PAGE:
From the Guardian
* Pickles' Plan Binned
More Tory councils have announced plans to snub government cash for weekly residual waste collections as ministers prepare to unveil details of the much-hyped £250m fund this week. Carlisle City Council and Tandridge District Council confirmed that they would not ditch their alternative weekly bin collections despite the Weekly Collections Support Scheme. They joined a growing list of Conservative-run councils shunning the fund, while an increasing number of Labour authorities have also confirmed they will stick with alternate weekly collections. Eric Pickles will outline the funding criteria for his flagship scheme this week. Ministers and officials have indicated the scheme will be for funding “black bag” collections despite a broad coalition of waste chiefs, councils and green lobbyists urging ministers to include weekly food waste collections. Local Government Association head of environment and housing board David Parsons said that the offer of cash to improve services was welcome but he added the fund should be open to councils wishing to support weekly food collections. Department for Communities and Local Government director-general of localism David Prout told MPs before Christmas the fund would be reserved for councils meeting key criteria, including retained or reinstated weekly residual waste collections.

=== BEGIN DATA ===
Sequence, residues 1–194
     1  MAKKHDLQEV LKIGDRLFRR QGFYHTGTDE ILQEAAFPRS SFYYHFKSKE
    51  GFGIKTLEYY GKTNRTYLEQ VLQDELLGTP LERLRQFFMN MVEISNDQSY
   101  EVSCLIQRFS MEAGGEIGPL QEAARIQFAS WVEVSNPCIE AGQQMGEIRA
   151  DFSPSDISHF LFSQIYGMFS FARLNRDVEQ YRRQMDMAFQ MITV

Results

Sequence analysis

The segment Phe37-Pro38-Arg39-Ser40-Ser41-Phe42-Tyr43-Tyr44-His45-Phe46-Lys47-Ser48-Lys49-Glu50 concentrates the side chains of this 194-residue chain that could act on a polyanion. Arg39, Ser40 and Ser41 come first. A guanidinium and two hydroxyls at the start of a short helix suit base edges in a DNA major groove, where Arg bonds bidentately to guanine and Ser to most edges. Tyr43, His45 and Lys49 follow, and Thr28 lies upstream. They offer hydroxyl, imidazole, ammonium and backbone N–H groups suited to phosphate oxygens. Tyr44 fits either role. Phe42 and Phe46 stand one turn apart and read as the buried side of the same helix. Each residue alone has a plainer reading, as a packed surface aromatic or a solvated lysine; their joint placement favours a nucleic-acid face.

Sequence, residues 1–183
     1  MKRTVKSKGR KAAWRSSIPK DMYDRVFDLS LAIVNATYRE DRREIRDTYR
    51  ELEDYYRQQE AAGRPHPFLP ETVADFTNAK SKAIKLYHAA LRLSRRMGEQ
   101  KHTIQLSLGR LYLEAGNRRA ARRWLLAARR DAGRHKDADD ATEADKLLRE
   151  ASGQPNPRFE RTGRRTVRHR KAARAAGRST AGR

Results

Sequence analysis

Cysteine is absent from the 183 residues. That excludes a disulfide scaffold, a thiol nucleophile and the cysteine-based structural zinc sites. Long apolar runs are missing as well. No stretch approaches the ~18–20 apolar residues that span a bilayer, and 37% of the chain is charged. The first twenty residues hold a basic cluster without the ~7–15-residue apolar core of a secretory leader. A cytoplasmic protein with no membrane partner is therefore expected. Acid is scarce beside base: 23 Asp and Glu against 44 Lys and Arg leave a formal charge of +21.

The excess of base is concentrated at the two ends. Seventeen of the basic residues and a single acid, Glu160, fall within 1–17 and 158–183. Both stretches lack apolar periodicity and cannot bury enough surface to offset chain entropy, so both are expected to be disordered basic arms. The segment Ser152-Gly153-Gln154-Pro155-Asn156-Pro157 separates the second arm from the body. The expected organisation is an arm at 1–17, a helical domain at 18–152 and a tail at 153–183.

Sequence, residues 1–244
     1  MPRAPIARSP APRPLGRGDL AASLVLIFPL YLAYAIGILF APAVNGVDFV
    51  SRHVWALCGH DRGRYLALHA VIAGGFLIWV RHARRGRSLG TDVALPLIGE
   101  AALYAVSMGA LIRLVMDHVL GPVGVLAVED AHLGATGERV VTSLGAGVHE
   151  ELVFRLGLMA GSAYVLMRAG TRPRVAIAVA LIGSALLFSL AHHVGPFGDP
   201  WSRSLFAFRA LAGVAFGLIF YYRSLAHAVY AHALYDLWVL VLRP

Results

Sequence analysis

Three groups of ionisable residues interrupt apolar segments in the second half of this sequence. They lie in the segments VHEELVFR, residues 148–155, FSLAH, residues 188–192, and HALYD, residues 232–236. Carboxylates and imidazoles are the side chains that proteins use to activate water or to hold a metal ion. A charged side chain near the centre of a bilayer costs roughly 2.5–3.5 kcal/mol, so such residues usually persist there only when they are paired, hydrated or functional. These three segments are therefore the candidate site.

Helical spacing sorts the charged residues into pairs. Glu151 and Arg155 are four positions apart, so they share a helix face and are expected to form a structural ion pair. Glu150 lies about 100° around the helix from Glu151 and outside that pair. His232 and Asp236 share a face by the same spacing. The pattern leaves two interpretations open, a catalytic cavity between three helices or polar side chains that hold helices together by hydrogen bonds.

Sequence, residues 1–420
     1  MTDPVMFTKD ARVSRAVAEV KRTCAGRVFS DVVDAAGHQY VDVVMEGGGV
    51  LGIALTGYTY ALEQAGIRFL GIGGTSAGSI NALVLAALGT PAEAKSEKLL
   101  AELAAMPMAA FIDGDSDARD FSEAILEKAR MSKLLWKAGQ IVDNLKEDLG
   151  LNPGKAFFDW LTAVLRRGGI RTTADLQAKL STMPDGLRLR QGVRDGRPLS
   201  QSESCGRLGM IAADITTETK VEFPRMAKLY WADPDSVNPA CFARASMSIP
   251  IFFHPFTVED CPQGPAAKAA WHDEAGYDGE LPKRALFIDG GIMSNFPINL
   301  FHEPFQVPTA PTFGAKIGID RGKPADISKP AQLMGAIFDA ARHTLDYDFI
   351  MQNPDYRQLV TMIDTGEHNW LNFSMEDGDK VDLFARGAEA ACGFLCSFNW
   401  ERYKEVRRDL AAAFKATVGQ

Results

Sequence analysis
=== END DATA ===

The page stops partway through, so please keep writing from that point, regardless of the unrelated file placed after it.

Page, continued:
ENVIRONMENT SECTOR NEWS
* Scientific Breakthrough Fuels Optimism
Pioneering technology using microbubbles could solve the difficulties of harvesting algae for use as a biofuel, according to scientists. The technique, developed at the University of Sheffield, builds on previous research in which microbubbles were used to improve the way algae is cultivated. Algae produce an oil which can be processed to create a useful biofuel. Until now however, there has been no cost-effective method of harvesting and removing the water from the algae for it to be processed effectively. But a team led by Professor Will Zimmerman in the university's department of chemical & process engineering believe they have solved the problem by devising an inexpensive way of producing microbubbles that can float algae particles to the surface of the water. This not only makes harvesting easier, but should save biofuel-producing companies both time and money. The system developed uses up to 1,000 times less energy to produce the microbubbles and the cost of installing it is predicted to be much less than existing flotation systems. Previously Professor Zimmerman and his team won recognition for their earlier work which used microbubble technology to improve algae production methods, allowing producers to grow crops more rapidly and more densely.
* Blowing In The Wind